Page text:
I have a problem in our network where our Mac's occasionally get given the wrong machine name while, I guess, getting a new DHCP lease.

The DHCP servers are Windows based - the bulk of our network is Windows, but we have some Linux machines and an increasing number of Macs. The problem specifics is that occasionally a Mac will take on the name of another machine in the network.

For example, I have a new Macbook Pro. In the OSX setup is gets called "gomez", and initially starts up on the network with that name without any problems. But after a few days when the machine was restarted (it had several restarts in the meantime), it ended up being called "florrie", which is actually the name of another machine in another part of the network.

All network ops work fine, and indeed you don't notice most of the time - it's only when you run apps like Perforce that require the hostname that you get problems.

I'm sorry I don't have more info than that, but if I know what to look for I can dig out some more facts. Or any hints on checking the network setup would be useful.

  • Still not fixed, I'm afraid. Tried the suggestions, but nothing forthcoming. The MS DHCP server settings were already set as Bahi suggested. May 27, 2009 at 7:11
  • *nix computers will probably have the same problems. Jul 20, 2009 at 16:22

5 Answers 5


It's more likely to be a dynamic update DNS issue; Windows clients, beginning with Windows 2000, automatically update Windows DNS servers directly with their new details once they've been leased an IP address by the DHCP server. This way, the DNS and DHCP servers are kept in sync. Macs don't. Previous posters are correct when they say that the Macs are getting these incorrect hostnames from the DNS server. The problem, then, is with the DNS server.

I haven't used the current Microsoft DHCP server but previous versions provided an option specifically for this situation. Instead of the client machine talking directly to the Windows DNS server, as happens automatically with Windows 2000 client and later, the Windows DHCP server can update the Windows DNS server once it has successfully leased an IP address to a client.

You need to enable the option yourself in your Windows DHCP server. The wording for this option will usually be something like "Always Update DNS and Enable Updates To DNS Clients That Do Not Support Dynamic Update".

You might still find this article useful, though it's for Windows Server 2000 DHCP. (I'm not having a good Google day.)

  • Thanks for the suggestion. I'll see if my IT services dept can try it. May 17, 2009 at 20:54

The Mac is doing a reverse lookup on the DHCP IP it gets to set the hostname. You can either configure the DNS servers to answer correctly as Sam suggests, or you can fix the machine names per-computer.

There are plenty of ways to do this, but the two simplest are:

  1. You can edit /etc/hostconfig and add the line HOSTNAME=[desired hostname] and reboot. This file is deprecated since 10.5, so don't count on it working into Snow Leopard.

  2. In System Preferences -> Sharing you can set the "computer name". If you click the "Edit..." button, you'll see a setting for "Use dynamic global hostname". Untick this to stop the DNS lookup and retain whatever setting you put in there.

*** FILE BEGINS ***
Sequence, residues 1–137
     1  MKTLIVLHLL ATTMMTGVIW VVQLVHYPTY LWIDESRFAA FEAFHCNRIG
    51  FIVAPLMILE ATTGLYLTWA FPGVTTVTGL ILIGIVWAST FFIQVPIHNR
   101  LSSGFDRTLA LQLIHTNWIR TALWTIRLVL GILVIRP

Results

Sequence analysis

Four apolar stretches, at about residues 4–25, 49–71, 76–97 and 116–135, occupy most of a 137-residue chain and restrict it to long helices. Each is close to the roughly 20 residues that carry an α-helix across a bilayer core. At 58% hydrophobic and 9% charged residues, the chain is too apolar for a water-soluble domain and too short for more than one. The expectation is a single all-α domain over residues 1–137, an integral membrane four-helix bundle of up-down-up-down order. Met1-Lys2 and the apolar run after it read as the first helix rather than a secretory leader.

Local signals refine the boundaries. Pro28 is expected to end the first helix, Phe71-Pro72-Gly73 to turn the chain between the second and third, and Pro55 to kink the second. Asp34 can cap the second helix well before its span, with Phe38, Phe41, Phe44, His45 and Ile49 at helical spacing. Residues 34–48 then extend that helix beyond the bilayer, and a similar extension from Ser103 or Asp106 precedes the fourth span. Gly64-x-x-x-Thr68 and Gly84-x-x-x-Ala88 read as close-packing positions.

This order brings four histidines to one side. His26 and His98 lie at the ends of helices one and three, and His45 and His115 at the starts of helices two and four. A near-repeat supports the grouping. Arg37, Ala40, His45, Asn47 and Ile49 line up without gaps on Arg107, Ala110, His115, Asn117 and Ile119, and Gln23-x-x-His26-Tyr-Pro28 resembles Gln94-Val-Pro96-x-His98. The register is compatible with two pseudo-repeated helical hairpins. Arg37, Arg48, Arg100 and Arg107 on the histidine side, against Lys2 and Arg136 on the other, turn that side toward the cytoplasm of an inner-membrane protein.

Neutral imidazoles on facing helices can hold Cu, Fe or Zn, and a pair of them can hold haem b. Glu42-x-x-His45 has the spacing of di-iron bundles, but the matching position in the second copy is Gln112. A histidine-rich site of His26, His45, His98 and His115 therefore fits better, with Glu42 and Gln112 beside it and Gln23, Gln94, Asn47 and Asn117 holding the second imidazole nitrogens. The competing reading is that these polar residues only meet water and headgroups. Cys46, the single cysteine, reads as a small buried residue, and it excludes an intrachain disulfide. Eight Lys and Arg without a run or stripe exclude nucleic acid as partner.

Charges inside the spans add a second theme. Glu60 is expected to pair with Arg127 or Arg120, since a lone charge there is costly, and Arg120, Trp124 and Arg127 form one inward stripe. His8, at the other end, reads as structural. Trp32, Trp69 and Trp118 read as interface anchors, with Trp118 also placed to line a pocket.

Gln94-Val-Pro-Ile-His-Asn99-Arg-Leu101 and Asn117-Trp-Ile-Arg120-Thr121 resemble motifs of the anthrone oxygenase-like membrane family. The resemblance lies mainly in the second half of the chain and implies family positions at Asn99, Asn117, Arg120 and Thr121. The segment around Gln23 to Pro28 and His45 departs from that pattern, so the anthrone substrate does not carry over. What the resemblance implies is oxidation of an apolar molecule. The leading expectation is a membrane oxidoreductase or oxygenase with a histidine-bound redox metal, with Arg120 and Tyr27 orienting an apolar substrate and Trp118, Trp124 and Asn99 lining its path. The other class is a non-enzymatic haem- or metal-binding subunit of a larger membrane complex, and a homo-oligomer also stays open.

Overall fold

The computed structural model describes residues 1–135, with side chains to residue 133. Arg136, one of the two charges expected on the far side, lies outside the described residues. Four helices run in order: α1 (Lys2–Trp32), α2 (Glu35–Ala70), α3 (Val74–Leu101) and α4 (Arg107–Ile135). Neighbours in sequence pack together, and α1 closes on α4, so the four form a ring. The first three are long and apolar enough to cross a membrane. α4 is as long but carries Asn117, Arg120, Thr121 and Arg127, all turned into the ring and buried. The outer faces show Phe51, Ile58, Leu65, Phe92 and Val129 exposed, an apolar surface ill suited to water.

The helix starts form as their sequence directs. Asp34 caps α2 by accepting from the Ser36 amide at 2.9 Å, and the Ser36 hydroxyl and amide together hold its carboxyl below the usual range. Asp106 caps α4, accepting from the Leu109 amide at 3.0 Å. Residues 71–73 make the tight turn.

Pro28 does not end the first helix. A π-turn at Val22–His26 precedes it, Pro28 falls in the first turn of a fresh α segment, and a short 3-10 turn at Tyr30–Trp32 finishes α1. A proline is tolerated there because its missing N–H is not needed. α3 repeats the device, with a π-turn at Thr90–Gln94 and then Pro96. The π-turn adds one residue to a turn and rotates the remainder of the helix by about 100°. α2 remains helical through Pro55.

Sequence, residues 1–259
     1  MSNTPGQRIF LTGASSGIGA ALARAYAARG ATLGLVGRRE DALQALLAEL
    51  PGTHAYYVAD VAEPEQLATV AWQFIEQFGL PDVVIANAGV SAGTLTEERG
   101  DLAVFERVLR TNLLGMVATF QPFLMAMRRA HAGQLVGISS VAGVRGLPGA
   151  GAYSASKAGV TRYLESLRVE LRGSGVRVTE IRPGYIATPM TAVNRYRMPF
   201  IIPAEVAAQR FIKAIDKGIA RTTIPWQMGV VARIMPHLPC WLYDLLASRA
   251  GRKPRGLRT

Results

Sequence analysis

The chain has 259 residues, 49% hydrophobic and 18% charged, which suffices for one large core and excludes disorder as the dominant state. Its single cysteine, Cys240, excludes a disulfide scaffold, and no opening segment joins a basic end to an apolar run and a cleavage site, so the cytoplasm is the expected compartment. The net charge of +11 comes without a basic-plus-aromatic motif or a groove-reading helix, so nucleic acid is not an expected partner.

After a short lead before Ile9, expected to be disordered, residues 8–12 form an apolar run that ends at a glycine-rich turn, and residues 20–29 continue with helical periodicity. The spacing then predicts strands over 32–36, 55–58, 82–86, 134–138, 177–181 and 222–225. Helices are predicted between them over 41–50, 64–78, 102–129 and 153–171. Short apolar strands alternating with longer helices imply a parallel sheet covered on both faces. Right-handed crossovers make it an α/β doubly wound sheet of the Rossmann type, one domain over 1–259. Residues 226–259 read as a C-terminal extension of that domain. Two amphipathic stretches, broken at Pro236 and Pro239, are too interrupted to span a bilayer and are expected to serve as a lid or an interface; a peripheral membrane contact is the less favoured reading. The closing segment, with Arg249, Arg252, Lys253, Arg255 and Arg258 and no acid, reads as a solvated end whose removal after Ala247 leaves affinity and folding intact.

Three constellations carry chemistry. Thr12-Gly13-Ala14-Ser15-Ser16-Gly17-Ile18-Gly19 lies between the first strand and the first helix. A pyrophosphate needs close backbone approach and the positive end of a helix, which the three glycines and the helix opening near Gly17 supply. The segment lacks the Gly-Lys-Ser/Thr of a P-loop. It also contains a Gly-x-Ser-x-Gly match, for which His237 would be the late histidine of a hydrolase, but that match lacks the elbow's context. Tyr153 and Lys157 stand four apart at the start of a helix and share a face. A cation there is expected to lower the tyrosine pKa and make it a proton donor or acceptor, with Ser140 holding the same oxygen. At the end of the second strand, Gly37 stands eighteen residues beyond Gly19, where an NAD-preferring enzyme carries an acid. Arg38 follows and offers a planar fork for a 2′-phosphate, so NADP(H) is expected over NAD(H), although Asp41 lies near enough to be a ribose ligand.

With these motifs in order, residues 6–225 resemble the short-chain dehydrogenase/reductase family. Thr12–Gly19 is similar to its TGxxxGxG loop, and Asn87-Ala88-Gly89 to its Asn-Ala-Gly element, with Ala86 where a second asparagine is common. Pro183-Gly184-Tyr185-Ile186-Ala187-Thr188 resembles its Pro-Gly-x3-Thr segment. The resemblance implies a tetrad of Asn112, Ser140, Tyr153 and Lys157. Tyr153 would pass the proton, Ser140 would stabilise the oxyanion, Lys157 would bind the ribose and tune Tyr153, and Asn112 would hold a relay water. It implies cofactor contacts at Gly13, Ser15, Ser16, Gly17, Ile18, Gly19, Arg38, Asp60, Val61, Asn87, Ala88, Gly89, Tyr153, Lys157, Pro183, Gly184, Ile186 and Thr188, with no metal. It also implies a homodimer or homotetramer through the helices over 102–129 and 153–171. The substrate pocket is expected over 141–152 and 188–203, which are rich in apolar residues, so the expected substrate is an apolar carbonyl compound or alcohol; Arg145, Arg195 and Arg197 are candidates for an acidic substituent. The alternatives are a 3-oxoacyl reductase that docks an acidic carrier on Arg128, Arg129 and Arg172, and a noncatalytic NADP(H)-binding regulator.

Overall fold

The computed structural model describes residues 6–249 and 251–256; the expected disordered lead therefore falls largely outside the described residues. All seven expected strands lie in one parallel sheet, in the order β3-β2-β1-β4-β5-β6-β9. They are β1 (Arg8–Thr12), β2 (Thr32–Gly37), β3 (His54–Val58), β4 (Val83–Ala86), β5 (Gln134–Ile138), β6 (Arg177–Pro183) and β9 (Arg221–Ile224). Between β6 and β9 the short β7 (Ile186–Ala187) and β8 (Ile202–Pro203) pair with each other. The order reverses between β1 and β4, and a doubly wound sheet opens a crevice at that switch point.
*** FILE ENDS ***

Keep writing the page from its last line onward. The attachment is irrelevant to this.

Both these ways require setting per-machine, however, so you might prefer to look into sorting the DNS if the number of Macs is going to grow.

  • Thanks for the tips - I'll give a go when back in the office. May 17, 2009 at 20:53
  • bonaldi is correct. It's the reverse records that are causing the issue. I've had this same thing happen before to my macs when we moved from bind on unix to bluecat network appliances(don't buy them, they suck)
    – Tatas
    Jul 20, 2009 at 17:45

The answer is here


Copying the better answers here for convenience:

Set it in the Terminal with sudo scutil --set HostName

example: sudo scutil --set HostName server1.mynetwork.com

Depending on how your DHCP is set up, you may be able to use the "DHCP client ID".

  1. System Preferences.
  2. Network
  3. Select your network adapter on the left.
  4. Select "Advanced" button at the bottom.
  5. Set the "DHCP client ID" to your hostname.

If your DHCP server supports it, your hostname will be used for your machine.


The problem here is not that the name of your machine is changing, DHCP does not give out machine names, it only distributes IP addresses. However when DHCP allocates an IP, it will record what the name of the machine is that leased the IP. Most DHCP servers will then register that machine in DNS, with that IP. So somewhere along the line, DNS is get the IP and machine name mixed up, or DHCP is registering the wrong details with DNS.

Take a look at your DHCP server and your DNS server and check if the records they have for your machine match up, if they don't, then we need to try and find out why.

  • Thanks - I'll take a look at the DNS during the week. I did think that DHCP only handed out IP addresses, hence my confusion. May 17, 2009 at 20:52

Greg, it could be a lot of things. What you need to do first is figure out why the Mac is picking the name it displays. Then check the forward and reverse lookups for the IP address and hostname (using nslookup or dig), and your "Computer Name" in the System Preferences.

For a while, this topic had bothered me, so I took did some research and took some notes, and left them here:

Mac OS X - setting the "hostname"

You will probably find that there is some combination of IP address changes + problem with DNS/DHCP integration.

NOTE: This is not a backdoor to advertising for my personal blog... I don't blog. I've left the community wiki flag on, and linking out causes a problem, just copy useful text in here and remove the link.

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